In the CO2 series, we compared the modulation of flight by brief encounters of CO2 at different concentrations: 0.05% (N=64, 13), 0.2% (N=64, 17), 0.8% (N=64, 22), 4.0% (N=64, 33) and 100% (N=64, 23).
Because mosquitoes rarely landed on the tip of the pipette, source finding in the ribbon plume experiments was defined as arriving within a 10 cm perimeter around the tip of the pipette.
Broad plume experiments
In the broad plume experiments we analysed the effect of plume structure and odour concentration on activation, upwind flight and source finding by A. aegypti. The following series were performed. N-values (number of mosquitoes) refer to total tested, used for activation, source finding and track analysis, respectively.
The homogeneous skin-odour series consisted of five treatments: clean air (N=68, 59, 31, 17), 100% skin odour (N=72, 64, 55, 36), 20% (N=71, 67, 30, 28), hand (N=71, 64, 57, 49) and 0.4% CO2 (72, 59, 58, 37).
The homogeneous CO2 series consisted of five treatments: 0.05% (N=48, 45, 43, 25), 0.1% (N=56, 55, 55, 30), 0.4% (N=53, 40, 48, 26), 1% CO2 (N=48, 40, 43, 31) and hand (N=48, 46, 43, 23). Higher concentrations of CO2 could not be tested, because at higher concentrations the expansive cooling of CO2 made the plume's position unreliable.
The turbulent skin-odour series consisted of four treatments: 100% skin odour (N=70, 60, 55, 28), 20% skin odour (N=72, 60, 27, 17), 4% CO2 (N=72, 59, 59, 36) and clean air (N=70, 60, 48, 23).
The turbulent CO2 series consisted of six treatments: 0.05% (N=56, 49, 24, 20), 0.2% (N=55, 54, 39, 24), 0.8% (N=56, 54, 51, 31), 4.0% (N=54, 50, 49, 30), 100% CO2 (56, 53, 53, 30) and clean air (N=55, 50, 20, n/a).
The 3-D flight coordinates of the flight tracks were obtained with Motus (Peak Performance Technologies, Inc.) at 30 Hz. Some flight tracks were excluded from analysis for two reasons. First, flying mosquitoes disrupt the plume, which makes the relationship between plume contact and flight manoeuvres of those mosquitoes downwind tenuous. This happened frequently as we placed four mosquitoes in each release cage and usually several mosquitoes were flying simultaneously. Therefore, tracks from those mosquitoes that clearly flew in the wake of another mosquito were excluded. Second, a few tracks were excluded when frame dropout rates (caused by inadequate visual resolution for tracking) were high. Slight digitising errors (inaccuracies) were corrected for by smoothing the data with the cubic spline algorithm, a method that is particularly well suited for data that are parabolic in nature (Jackson, 1979). The behavioural parameters were calculated with several custom-made programs created in Visual Basic®. Table 1 lists the parameters used for flight track analysis. Fig. 2A,B illustrates the triangle of velocities used in flight track analysis, whereas Fig. 2C shows an example 3-D flight track, its XY, XZ and YZ projections, as well as the displacement over time in X, Y and Z of a mosquito flying in response to a 4% CO2 plume. Simultaneously, TiCl4 ‘smoke’ was used to visualize the precise position of the mosquito with respect to the plume. Note the regular track reversals in the plots of Y and Z over time.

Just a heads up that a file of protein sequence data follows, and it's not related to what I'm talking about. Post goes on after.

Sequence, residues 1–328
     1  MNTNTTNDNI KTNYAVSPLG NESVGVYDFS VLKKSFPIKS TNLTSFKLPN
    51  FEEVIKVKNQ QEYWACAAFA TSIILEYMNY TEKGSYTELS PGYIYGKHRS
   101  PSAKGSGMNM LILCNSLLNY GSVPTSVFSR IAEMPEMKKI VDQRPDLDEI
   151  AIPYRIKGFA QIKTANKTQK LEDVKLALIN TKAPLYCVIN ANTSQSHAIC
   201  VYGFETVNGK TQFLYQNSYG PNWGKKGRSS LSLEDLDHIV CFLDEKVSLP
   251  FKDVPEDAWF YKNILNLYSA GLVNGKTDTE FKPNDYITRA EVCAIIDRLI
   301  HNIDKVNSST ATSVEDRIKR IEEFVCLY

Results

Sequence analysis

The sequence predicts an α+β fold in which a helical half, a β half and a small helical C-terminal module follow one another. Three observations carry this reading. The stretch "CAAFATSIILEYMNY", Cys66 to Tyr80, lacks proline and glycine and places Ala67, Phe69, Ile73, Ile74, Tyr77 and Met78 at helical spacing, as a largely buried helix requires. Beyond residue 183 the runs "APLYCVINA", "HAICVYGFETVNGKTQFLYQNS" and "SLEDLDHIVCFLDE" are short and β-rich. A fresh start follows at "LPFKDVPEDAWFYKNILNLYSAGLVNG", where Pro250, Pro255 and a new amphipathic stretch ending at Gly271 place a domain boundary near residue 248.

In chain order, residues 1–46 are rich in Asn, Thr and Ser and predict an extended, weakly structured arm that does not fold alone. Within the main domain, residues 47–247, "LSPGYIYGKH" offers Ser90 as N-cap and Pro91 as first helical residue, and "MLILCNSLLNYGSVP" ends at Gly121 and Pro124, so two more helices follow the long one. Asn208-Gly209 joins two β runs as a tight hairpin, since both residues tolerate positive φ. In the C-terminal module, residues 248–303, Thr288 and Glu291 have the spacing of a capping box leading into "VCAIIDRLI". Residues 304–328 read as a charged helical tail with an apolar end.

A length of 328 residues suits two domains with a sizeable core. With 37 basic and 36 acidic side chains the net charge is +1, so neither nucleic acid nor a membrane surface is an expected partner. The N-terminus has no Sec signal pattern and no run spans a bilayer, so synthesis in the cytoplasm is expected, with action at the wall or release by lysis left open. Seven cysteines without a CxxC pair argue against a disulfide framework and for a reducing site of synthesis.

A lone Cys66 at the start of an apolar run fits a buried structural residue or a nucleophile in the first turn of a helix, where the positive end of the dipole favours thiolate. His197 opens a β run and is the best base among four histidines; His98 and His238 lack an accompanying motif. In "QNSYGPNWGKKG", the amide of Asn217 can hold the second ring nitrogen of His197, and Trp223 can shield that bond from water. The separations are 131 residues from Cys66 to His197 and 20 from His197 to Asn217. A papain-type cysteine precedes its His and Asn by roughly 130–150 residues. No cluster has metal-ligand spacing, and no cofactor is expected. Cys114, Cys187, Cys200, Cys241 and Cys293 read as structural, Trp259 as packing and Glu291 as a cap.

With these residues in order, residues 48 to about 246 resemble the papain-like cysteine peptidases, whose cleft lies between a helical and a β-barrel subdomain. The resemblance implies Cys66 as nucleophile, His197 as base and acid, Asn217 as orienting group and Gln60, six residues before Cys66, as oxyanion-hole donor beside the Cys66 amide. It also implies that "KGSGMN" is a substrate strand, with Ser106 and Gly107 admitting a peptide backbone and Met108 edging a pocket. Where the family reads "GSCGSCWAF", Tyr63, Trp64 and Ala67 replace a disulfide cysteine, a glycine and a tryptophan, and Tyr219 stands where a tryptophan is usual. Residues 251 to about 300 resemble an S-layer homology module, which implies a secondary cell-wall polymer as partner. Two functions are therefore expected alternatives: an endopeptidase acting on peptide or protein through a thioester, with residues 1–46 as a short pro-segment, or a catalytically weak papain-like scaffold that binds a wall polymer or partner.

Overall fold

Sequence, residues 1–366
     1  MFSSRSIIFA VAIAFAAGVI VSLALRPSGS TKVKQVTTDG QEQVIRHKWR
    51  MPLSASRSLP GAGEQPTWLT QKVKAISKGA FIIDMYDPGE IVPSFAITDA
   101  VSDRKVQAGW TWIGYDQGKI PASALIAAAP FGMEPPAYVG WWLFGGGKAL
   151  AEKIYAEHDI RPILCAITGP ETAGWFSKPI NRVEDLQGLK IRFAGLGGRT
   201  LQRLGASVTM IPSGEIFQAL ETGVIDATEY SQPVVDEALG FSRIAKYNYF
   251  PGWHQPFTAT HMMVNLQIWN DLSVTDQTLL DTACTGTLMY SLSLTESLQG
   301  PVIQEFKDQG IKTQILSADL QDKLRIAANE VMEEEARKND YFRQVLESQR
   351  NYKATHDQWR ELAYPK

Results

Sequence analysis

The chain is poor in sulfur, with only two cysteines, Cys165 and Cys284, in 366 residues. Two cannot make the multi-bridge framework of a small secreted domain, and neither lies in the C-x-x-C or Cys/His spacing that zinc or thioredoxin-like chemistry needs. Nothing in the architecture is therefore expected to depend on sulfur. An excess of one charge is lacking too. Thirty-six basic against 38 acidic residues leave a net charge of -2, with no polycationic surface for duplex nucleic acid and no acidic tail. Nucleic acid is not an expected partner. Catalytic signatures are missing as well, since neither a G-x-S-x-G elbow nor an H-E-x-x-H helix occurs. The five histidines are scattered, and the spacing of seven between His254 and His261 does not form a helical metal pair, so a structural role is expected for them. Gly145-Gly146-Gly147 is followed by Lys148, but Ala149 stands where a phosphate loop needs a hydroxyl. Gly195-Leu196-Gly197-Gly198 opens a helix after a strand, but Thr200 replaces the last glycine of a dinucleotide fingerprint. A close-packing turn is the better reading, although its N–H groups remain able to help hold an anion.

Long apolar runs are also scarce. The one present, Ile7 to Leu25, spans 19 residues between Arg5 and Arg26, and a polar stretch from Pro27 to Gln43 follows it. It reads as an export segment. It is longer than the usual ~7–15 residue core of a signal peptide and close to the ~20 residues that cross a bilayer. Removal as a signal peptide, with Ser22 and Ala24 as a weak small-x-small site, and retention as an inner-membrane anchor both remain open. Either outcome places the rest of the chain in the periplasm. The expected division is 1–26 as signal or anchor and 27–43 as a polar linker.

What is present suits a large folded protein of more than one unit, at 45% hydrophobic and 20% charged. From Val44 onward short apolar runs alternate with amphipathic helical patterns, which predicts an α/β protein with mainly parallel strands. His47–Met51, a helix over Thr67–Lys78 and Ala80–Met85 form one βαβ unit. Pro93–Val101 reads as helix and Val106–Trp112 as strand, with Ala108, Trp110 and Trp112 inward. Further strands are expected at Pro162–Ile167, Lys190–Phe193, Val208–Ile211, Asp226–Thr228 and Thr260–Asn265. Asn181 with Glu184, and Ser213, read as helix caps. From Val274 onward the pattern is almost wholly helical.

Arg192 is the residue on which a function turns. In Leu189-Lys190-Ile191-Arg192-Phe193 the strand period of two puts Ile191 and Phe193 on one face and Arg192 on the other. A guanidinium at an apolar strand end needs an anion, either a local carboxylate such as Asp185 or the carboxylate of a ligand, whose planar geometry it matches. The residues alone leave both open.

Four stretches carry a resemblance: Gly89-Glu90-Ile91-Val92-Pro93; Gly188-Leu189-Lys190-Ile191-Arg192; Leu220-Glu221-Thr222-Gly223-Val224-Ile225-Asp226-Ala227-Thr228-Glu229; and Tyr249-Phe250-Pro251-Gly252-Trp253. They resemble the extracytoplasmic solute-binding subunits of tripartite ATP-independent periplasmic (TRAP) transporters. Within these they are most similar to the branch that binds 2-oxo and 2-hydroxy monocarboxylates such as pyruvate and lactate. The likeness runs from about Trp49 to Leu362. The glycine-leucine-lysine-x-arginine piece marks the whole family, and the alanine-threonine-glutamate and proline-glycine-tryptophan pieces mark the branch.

Tracks were analysed and aligned with respect to contacting the ribbon plume. The precise position of the plume was verified using TiCl4 ‘smoke’ and the mini-PID (details see above). Flight parameters over 0.1 s (three frames) intervals with respect to such odour encounters were averaged within flight tracks.
The data were log transformed, checked for normality and day effects, and analysed in Statistica (StatSoft, Inc., Tulsa, OK, USA) with a repeated-measures ANOVA, followed by a Fisher's least significant difference (LSD) post hoc test to determine differences between means of treatments. Contrasts were used to test for significant changes in a parameter within a treatment after plume contact (repeated measures).
We created a simulated flight track using the mean X, Y and Z displacement of the mosquito. To calculate such tracks, the program alternated the sign of the Y and Z displacement at the mean track reversal (zigzag) frequency. The resulting simulated flight track is analogous to the filament-response model's ‘building blocks’ of moth response to pheromone (see Introduction).